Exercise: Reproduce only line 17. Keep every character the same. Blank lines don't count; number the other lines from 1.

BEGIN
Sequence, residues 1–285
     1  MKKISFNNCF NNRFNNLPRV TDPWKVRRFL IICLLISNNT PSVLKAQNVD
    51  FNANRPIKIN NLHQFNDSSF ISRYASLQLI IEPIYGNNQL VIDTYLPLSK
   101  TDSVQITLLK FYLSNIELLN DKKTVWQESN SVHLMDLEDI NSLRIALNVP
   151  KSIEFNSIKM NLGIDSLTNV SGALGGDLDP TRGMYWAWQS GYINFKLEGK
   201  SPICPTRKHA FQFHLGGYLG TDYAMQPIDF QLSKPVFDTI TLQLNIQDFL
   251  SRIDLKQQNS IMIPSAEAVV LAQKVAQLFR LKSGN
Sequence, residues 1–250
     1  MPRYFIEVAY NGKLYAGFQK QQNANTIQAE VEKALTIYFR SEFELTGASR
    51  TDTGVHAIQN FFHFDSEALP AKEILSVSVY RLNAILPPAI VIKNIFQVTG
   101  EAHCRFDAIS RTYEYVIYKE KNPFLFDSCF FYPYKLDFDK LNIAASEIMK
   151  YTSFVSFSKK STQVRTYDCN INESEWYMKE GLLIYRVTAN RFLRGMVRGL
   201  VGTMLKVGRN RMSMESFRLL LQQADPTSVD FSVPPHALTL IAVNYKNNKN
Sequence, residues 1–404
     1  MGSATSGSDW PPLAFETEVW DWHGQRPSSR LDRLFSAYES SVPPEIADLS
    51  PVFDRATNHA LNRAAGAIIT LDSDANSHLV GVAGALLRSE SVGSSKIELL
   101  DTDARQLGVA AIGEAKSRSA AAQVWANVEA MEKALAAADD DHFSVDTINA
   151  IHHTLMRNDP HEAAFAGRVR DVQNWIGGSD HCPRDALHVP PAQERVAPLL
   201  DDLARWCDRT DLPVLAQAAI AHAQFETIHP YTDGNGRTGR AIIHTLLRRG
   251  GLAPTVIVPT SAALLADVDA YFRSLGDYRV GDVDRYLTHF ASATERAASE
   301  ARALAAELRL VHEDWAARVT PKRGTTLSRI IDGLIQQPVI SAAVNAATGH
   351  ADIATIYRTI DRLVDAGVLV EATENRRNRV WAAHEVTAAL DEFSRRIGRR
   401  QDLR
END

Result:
   101  DTDARQLGVA AIGEAKSRSA AAQVWANVEA MEKALAAADD DHFSVDTINA